Conservancy Highlight: Tony Sebro, Our Award-Winning General Counsel
June 29, 2017
Conservancy’s General Counsel, Tony Sebro, was awarded the O’Reilly Open Souce Award last month underscoring how impactful his work is for Conservancy and for free software. Tony is a critical member of the Conservancy team, handling all of our legal matters and also as a coordinator of Outreachy.
Tony’s legal work is very varied, from our GPL enforcement matters, to managing our member projects’ trademark portfolios, to negotiating contracts for our member projects host conferences and hire developers. He manages the organization’s legal risk and makes sure that we’re complying with our state and federal obligations as a public charity. Tony also manages our relationships with pro bono lawyers, helping us get extra legal help when we need it. With over 40 member projects, the needs of our organization are ever changing, and the legal needs of our projects can be extremely demanding.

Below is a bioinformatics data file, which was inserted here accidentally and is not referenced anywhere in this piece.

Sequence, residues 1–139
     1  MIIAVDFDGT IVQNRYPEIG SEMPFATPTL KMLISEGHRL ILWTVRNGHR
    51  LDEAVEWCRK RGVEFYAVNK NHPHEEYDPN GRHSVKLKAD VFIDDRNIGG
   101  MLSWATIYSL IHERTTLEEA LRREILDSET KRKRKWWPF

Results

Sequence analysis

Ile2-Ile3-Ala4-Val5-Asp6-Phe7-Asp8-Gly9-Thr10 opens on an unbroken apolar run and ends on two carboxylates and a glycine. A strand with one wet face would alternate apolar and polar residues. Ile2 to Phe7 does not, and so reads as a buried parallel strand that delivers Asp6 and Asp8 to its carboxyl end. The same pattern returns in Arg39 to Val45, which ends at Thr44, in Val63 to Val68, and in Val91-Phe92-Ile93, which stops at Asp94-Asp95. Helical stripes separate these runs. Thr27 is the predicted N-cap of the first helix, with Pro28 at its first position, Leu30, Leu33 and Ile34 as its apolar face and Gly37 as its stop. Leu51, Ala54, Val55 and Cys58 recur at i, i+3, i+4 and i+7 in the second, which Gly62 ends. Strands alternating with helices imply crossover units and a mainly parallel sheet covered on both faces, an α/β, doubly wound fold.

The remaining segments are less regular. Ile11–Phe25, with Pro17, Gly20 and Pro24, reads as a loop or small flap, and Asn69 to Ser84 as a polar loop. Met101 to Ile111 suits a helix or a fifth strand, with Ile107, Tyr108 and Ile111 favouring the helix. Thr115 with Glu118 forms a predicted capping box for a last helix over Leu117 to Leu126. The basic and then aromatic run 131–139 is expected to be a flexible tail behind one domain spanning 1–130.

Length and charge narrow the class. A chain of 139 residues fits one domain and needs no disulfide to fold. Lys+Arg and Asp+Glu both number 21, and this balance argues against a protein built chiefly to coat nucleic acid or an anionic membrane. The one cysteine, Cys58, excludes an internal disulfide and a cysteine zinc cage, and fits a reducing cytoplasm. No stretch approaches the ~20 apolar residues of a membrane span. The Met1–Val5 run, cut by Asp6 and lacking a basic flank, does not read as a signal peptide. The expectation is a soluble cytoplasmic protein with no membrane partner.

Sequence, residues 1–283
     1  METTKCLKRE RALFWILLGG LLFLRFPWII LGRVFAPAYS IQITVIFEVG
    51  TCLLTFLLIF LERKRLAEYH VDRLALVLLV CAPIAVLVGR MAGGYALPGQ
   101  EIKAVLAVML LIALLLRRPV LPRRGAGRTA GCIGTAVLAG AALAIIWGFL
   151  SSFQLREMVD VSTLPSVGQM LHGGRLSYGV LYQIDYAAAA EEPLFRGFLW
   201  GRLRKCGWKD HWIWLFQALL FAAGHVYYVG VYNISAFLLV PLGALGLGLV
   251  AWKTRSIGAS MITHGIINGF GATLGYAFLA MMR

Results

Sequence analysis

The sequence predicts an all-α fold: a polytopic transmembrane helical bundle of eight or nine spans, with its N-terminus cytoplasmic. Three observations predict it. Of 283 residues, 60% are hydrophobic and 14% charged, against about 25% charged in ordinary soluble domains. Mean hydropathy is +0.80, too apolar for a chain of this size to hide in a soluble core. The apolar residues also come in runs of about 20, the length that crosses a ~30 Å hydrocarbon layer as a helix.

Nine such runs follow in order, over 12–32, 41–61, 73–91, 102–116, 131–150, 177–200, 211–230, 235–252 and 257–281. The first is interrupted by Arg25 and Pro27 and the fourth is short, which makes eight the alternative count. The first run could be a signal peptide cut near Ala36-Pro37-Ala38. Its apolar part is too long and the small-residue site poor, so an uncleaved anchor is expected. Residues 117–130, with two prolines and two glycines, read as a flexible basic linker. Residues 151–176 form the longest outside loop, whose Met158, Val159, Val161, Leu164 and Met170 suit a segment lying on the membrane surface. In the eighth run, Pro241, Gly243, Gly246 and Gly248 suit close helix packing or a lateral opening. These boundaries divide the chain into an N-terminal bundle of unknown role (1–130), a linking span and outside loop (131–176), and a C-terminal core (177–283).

Tony is also core to Outreachy, which is itself a Conservancy member project. Outreachy offers paid remote internships to people who are underrepresented in tech. Tony is on the
Upon winning the award, Tony wrote:
At Conservancy, I have the privilege supporting our organization’s
efforts to develop and maintain ethical, freely-licensed software. I
get to work alongside thought leaders who articulate and defend the
public’s interests in free and open source software, as well as the
brilliant developers who lead our member software projects. I’ve also
had the good fortune to collaborate with the coordinators and volunteer
mentors of Outreachy, to provide hundreds of internships for people
from groups underrepresented in tech. Receiving this recognition from
O’Reilly and from my peers in open source is icing on the cake.
Karen Sandler, Conservancy’s Executive Director commented:
Tony’s been a key part of Conservancy. It’s been amazing to watch the organization grow and develop with his help. I continue to be impressed with his skill and dedication and in particular the commitment that he’s shown to helping include more diverse participants in technology.